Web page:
The Judges Who Stole School Choice

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A court rejects a voter-passed charter law in Washington state.

Eight new charter schools in Washington state opened this fall, but on Friday the state Supreme Court delivered a grim surprise by overturning the state’s charter law. Welcome back to the public school monopoly, kids.

The 6-3 ruling is as politically driven as it is overreaching and legally flawed. In 2012 voters approved a ballot initiative sponsored by Bill Gates and others that authorized up to 40 charter schools over five years. The law requires that charters receive per-pupil funding equal to that of traditional public schools and that taxpayer dollars follow the student.

The education axis of unions and administrators struck back in a lawsuit claiming that charters violate constitutional limits on funding for “common schools” (public schools). They also claimed charters aren’t accountable to local voters.

In fact, charters are far more accountable than traditional public schools. Charters must submit detailed applications to a state commission explaining, among other things, their curriculum, standards and plans for special-needs students. They must also submit to a public forum—i.e., a union beating. They provide annual performance reports, and the State Board of Education can sanction charters that fail to achieve their objectives and close those in the bottom quartile of public schools. Only the lowest 5% of traditional schools must propose corrective plans.

So it’s ironic that the majority cites a 1909 state Supreme Court ruling that “common schools” must be “subject to and under the control of the qualified voters” who “through their chosen agents” can “select qualified teachers, with powers to discharge them if they are incompetent.” According to the majority, charters are not “common” or accountable because their boards aren’t elected by voters—even if the law establishing them was.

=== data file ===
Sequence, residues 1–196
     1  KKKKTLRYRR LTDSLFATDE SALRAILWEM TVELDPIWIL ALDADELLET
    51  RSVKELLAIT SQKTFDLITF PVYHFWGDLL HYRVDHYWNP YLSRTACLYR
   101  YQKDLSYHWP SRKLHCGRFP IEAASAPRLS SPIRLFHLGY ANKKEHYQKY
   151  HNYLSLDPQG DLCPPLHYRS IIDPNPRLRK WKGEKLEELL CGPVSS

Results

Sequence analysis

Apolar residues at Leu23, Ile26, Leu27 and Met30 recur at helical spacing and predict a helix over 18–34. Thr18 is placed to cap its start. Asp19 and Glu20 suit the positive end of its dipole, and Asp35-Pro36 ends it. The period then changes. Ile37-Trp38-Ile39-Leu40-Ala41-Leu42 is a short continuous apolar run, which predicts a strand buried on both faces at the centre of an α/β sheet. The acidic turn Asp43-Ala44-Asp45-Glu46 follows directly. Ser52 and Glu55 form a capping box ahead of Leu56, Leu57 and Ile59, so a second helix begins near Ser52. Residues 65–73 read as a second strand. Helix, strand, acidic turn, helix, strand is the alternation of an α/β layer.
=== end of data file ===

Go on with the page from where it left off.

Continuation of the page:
The reality is that local school boards are responsible mainly to unions thanks to collective bargaining. Tenure protections all but guarantee incompetent teachers lifetime job security. Because charters are liberated from state tenure and collective-bargaining, they can dismiss lousy teachers.

The liberal majority’s real concern is preserving the union monopoly. Thus the court bars charters from tapping $2 billion in funds that the state constitution specifically restricts to so-called common schools. But the intent of this constitutional provision was to prevent the legislature from siphoning off designated education funds for other programs. Charter schools are public schools too.

The majority also blocks charters from accessing the state’s general fund because, lo, the restricted revenues come out of the same pot. Yet many education programs such as community college tuition for high school seniors are financed out of the general fund. By the majority’s logic, all of these programs are unconstitutional—and so is every other program that draws money from the general fund.

The ruling leaves 1,200 kids now attending charters in the lurch. Democratic Governor Jay Inslee hasn’t offered a solution, but the legislature needs to reconvene to pass a stopgap. In any event the liberal Justices should be held accountable for their political ruling in next year’s judicial retention election.

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